- Please note: the crossover may not be suitable for those who experience pain when lifting their arms.
Step 5. Do the dumbbell high row
This exercise works the sides and back of the deltoids and does not cause as much pain in the shoulder joint.
- Stand up straight with your feet on your hips. Hold a dumbbell of the proper weight in each hand, palms facing each other.
- Raise your hands to chest height, just below your nipples. During this movement, bend your elbows away from your body. Don't overdo it, or you could even make the injury worse.
- Slowly lower your arms until you return to the starting position. Repeat the exercise as many times as you can without feeling pain.
Step 6. Do the barbell row with dumbbells
This exercise works the lateral back muscles. In it, the shoulders play a secondary (supportive) role.
- Hold a dumbbell of the proper weight in each hand. Leave your arms at your sides, palms facing inward.
- Bend your body at the waist until your torso is almost parallel to the floor. Straighten your back, but don't stiffen your arms.
- Bring your arms closer to your body until they are parallel to the floor and aligned with your torso. Bend your elbows slightly.
- Lower your arms and return to starting position. Then repeat the movement as many times as you can without feeling pain.
Step 7. Do aerobic exercise and train your legs
It's not because you injured your shoulders that you have to be inactive. Keep training - at least with aerobic exercise - as long as you no longer feel pain.
- Many physical education teachers recommend 150 minutes of moderate aerobic exercise per week.
- Choose activities that don't involve the shoulders: walking, jogging, riding the stationary bike (incline or not, as long as you don't put the weight of your torso in your hands) and treadmill. Just stop if you feel any pain.
- Many leg exercises do not involve the shoulders or other torso muscles. This is the case with the squat, squat and leg lift. Again: stop immediately if you feel any pain.
Part 3 of 3: Taking care of safety and health
Step 1. See a doctor
Talk to a doctor whenever you are injured, experience constant pain, or are going to resume training after a recovery period. Ask what is allowed and what is prohibited and how long the entire process will take to complete. He will make any recommendations he deems necessary.
- Depending on the injury, your doctor may even recommend that you use a sling to immobilize your arm and shoulder.
- Even if the injury was not serious or complex, you need your doctor's permission before resuming physical activity. Only he is capable of this.
- Your doctor may want to apply hot or cold compresses to your shoulder or prescribe anti-inflammatories.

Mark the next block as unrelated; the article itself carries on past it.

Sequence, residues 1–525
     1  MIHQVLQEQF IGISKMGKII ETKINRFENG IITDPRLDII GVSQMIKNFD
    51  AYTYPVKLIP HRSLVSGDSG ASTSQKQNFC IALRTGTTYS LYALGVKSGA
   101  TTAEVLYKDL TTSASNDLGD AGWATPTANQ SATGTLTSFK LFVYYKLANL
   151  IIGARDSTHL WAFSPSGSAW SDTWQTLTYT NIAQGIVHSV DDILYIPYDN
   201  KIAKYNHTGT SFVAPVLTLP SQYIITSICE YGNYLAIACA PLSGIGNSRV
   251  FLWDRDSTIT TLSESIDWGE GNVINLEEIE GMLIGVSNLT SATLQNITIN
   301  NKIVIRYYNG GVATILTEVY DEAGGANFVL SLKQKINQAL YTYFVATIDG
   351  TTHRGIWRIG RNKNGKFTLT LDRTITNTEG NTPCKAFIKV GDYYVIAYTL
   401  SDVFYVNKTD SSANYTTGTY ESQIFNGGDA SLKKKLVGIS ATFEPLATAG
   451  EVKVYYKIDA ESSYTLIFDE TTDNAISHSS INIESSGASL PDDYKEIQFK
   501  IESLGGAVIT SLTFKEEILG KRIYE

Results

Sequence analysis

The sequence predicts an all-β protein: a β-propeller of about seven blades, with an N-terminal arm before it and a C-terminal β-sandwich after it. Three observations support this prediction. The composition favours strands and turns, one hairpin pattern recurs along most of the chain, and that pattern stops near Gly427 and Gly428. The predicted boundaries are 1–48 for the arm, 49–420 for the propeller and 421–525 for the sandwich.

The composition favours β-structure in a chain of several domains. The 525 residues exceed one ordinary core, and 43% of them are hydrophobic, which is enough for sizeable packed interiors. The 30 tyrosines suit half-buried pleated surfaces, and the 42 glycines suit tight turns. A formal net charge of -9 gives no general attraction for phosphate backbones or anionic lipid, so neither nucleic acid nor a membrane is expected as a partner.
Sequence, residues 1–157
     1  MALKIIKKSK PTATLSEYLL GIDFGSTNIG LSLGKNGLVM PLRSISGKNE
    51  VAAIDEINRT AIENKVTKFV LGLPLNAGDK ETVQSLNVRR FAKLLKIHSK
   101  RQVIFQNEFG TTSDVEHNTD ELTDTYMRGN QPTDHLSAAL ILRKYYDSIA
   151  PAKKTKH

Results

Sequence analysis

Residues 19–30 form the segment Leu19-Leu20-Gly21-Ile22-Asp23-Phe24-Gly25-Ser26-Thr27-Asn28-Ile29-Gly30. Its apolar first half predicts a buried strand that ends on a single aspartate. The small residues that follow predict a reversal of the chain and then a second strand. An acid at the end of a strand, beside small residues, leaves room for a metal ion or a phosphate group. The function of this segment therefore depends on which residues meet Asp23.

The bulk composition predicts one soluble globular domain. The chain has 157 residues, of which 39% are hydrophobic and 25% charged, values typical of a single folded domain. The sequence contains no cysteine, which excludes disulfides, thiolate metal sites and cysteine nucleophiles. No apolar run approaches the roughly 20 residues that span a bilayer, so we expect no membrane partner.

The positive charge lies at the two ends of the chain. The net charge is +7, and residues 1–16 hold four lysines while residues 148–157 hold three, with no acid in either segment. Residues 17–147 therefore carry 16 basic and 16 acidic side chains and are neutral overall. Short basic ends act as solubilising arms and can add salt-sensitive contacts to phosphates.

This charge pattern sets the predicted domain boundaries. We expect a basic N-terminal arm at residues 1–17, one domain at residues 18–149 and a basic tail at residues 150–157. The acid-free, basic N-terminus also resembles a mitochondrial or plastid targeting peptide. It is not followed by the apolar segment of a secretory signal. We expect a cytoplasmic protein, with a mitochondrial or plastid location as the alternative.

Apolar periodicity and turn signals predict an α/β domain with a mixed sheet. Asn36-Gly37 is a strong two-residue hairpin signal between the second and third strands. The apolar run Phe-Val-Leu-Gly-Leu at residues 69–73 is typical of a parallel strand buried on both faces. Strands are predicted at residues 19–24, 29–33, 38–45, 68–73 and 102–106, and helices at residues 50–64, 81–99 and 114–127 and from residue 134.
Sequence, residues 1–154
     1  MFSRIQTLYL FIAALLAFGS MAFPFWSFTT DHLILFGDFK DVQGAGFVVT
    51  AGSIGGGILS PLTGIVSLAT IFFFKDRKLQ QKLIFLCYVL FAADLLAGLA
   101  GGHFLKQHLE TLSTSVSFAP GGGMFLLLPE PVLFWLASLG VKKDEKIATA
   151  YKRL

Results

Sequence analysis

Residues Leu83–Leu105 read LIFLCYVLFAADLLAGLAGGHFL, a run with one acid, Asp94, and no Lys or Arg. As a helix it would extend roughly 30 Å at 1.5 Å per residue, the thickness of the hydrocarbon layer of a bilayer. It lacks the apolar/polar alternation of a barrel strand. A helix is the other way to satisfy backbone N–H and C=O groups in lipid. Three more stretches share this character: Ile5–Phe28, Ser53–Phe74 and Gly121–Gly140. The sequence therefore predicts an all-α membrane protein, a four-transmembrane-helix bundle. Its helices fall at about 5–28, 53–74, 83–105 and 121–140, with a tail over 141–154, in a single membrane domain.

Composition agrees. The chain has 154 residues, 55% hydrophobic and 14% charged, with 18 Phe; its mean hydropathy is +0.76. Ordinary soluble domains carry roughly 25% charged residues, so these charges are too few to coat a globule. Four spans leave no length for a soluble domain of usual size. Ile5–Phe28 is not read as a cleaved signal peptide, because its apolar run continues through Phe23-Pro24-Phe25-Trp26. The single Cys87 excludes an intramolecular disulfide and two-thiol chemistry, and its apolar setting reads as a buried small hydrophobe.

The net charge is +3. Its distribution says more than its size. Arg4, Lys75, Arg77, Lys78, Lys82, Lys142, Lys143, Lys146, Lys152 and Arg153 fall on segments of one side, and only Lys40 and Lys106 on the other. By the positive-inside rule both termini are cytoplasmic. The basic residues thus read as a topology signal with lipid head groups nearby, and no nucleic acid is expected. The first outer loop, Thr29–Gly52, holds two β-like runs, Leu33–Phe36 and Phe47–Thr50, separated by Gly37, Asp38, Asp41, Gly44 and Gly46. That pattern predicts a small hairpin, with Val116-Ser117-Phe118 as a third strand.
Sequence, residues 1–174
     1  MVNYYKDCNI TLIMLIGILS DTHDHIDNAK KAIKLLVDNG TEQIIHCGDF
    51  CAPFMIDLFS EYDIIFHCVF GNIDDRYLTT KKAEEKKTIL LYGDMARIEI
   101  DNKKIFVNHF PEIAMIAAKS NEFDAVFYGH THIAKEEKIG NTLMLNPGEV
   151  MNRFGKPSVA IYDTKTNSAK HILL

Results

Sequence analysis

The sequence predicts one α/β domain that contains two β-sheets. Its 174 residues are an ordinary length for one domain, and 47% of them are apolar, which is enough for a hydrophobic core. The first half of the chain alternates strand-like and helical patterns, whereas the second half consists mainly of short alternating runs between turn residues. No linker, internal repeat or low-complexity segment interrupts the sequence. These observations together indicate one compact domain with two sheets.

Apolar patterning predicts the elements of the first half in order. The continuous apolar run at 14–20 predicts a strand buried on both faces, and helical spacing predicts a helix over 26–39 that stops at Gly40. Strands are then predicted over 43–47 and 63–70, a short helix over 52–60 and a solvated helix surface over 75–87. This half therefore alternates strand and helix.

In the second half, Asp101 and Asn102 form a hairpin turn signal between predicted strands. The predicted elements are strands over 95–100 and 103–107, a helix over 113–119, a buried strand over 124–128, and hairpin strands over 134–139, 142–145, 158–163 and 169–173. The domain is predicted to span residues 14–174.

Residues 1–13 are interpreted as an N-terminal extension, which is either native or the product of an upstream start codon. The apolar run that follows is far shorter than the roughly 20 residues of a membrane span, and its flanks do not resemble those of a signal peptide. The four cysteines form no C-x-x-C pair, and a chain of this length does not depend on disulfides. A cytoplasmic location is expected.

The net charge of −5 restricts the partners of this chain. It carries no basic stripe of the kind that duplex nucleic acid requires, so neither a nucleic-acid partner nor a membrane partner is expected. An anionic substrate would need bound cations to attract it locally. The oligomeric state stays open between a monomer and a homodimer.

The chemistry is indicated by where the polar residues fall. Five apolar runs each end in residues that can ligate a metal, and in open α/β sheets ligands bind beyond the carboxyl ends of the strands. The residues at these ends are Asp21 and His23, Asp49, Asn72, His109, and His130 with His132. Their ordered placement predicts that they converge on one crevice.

- Also, schedule follow-up appointments with the doctor during the process to see if everything is going well.
Step 2. Stop training and go to the emergency room immediately if the pain returns or gets worse
If the pain gets worse, the doctor may have to order tests or recommend some form of therapy (physiotherapist or chiropractic care).
Step 3. Rest from time to time
You have to rest whenever you do physical activities, even if you are not injured (but even more so if you are!).
- Resume activities calmly and carefully when the doctor releases you to train. Remember to rest whenever possible.
- The shoulder joint includes several ligaments, tendons and muscles. Therefore, you may find it a little strange when you resume using the region (since it was less active for a while).
- It is normal to experience some pain after exercising. In this case, rest the region for 24 to 48 hours before resuming activity.
- Get plenty of rest for your muscles to recover and get back to normal.
Step 4. Take other precautions
Be very careful when you go back to exercising so as not to make the situation worse.
- Apply a cold compress to the shoulder when you feel pain or every time you train the area. The low temperature prevents inflammation and swelling.
- Wear t-shirts or compression pads. Like the compress, the shoulder pad and shirt help to reduce inflammation and swelling in the area.
- Adopt the right posture when exercising. This is important throughout training, but even more so for anyone recovering from an injury. If you're not careful, you could get hurt again or make the situation worse.
Step 5. Don't do exercises that increase or worsen pain
Stop training whenever you feel pain in your shoulders so as not to make the situation worse.
It's best to avoid some specific exercises while you're recovering from your shoulder injury, such as: push-up, incline bench press, high over-the-chest row, side lift with heavy loads, and pull-back
- Always consult a physician before resuming physical exercise after an injury.
- If you experience pain at the site, stop training and go to the emergency room immediately.
- Give your shoulder time to recover. Have the patience to get back to normal.